HOME SCHOOLING / INTERNATIONAL
Kenya
Kenya

November 14, 2012

Homeschool Movement Ignored by Parliament

Kenyan homeschoolers are concerned that the proposed education law moving through their parliament will prevent them from exercising their right to homeschool their children.

Homeschool leaders in the African country have told Home School Legal Defense Association that members of parliament have raised concerns that homeschooling would be used by negligent and abusive parents to hide from authorities. Lawmakers have also said that they do not wish to spend time on an issue they consider insignificant given the small number of Kenyan homeschooling families.

Leaders of the East Africa Community of Homeschoolers, one of the few organized homeschool groups on the continent, have asked HSLDA for help. We are asking our members and friends to intervene to support the fledgling homeschool movement in Kenya. Although small in numbers, homeschool parents in Kenya should be protected in their fundamental right to choose how their children are educated.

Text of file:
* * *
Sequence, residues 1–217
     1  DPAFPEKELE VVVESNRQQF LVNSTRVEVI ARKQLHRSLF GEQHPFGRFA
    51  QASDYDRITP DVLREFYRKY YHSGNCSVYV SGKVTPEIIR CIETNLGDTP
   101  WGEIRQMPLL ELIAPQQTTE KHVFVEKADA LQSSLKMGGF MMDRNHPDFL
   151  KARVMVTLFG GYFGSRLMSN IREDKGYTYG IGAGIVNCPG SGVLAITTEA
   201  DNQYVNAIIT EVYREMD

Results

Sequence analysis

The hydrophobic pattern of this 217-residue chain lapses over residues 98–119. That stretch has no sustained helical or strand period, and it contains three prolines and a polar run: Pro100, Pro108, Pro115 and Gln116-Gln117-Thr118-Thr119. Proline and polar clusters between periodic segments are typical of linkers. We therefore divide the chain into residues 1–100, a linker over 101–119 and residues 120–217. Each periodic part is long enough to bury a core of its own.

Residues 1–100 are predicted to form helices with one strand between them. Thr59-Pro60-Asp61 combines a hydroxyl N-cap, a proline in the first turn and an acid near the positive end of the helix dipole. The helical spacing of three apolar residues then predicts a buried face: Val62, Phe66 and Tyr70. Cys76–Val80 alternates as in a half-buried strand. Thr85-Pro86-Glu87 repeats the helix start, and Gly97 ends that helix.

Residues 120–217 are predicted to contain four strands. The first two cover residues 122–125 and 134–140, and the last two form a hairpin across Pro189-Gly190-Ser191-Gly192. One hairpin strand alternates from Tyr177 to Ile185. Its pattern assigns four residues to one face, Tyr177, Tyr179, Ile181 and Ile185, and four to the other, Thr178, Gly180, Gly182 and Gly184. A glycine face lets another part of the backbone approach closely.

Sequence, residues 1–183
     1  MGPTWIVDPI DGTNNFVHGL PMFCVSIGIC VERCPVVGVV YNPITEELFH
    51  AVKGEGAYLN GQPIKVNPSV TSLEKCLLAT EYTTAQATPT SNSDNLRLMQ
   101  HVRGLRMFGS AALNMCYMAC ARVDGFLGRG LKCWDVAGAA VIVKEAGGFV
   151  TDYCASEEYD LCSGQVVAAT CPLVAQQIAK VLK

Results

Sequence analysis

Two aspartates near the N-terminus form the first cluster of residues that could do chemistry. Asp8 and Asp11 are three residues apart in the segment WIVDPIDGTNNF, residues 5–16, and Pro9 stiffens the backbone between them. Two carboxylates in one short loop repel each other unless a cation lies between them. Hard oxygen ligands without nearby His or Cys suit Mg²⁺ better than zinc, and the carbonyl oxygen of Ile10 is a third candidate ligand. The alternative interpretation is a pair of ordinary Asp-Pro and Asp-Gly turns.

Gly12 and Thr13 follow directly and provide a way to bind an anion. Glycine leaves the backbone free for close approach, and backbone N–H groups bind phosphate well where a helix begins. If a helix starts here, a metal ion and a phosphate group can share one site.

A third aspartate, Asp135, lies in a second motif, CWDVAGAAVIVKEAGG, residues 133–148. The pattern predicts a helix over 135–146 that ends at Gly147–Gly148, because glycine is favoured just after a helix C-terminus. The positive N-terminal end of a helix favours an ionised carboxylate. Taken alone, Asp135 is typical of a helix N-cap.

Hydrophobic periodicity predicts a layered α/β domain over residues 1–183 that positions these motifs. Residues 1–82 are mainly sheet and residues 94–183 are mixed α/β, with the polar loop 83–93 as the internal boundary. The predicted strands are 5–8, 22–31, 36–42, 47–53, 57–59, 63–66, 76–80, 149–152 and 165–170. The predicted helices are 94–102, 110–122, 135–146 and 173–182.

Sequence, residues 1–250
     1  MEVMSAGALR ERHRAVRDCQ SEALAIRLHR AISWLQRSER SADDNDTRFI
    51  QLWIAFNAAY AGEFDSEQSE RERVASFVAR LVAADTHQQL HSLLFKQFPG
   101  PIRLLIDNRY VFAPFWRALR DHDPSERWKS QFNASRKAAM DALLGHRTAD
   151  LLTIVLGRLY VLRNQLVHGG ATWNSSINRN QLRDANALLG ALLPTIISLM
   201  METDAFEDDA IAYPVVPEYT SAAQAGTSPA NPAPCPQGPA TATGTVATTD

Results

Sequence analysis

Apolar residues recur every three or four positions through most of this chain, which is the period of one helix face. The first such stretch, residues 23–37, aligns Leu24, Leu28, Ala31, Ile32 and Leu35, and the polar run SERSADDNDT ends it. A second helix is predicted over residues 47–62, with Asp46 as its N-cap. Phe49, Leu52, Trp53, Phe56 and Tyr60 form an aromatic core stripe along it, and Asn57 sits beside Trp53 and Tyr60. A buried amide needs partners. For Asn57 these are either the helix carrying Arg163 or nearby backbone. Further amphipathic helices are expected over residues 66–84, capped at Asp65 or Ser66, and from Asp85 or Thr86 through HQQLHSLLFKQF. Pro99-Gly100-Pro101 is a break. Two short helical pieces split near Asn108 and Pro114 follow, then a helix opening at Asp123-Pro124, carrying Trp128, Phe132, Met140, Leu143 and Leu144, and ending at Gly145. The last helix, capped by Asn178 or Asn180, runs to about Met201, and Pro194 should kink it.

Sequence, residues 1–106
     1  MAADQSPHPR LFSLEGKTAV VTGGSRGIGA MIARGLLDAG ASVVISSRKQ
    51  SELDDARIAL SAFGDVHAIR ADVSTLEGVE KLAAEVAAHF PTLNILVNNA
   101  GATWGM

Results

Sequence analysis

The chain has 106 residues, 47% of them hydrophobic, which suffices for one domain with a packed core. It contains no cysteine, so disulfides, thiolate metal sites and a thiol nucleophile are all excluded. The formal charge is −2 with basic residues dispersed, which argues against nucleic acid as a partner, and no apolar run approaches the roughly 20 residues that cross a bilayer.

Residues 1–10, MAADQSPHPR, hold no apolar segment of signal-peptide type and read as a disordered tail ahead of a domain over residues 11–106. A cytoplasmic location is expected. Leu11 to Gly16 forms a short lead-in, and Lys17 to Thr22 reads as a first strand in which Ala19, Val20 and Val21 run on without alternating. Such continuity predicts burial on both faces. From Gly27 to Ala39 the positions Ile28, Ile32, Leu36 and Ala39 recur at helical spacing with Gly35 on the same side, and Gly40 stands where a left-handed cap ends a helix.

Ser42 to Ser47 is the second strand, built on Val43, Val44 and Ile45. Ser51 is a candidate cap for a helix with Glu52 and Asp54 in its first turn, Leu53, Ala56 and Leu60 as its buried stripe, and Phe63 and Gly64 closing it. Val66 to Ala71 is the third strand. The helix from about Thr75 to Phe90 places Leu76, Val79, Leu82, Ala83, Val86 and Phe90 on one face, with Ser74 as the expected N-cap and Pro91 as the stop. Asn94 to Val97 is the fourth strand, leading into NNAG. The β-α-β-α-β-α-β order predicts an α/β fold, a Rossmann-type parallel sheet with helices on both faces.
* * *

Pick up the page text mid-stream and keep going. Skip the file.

“Fundamental Right”

The Berlin Declaration presented at the first-ever global homeschool conference held in Germany’s capital in early November outlines the case for homeschooling as a fundamental right of all parents.

Thomas Mundia, a member of the board of East African homeschoolers, is hopeful.

“There are so few of us that it is easy for the parliament to ignore us,” he said. “There are some in parliament who are open to our ideas, but most are unfamiliar with the concept of home education. Kenya is drafting a new law after adopting a new constitution, and this law does not make a provision for home education. This puts Kenyan homeschoolers at risk of criminal prosecution. I hope that intervention from our international homeschooling friends could help.”

Action Needed

HSLDA is asking its members and friends to contact the minister of eduction for Kenya, the Honorable Mutula Kilonzo, at m.kilonzo@yahoo.com. Please tell him that homeschooling is a fundamental right and should be protected in the education legislation now being considered by parliament.

HSLDA also encourages its members and friends to contact members of the Kenyan parliament to politely encourage them to provide for home education in their new law. This is essential because parents have a “prior right” to choose the kind of education their children should receive. This was recognized by Article 26(3) of the Universal Declaration of Human Rights and also the United States Supreme Court. While government may have an interest in the education of their citizens, it should protect this important right of parents to choose home education.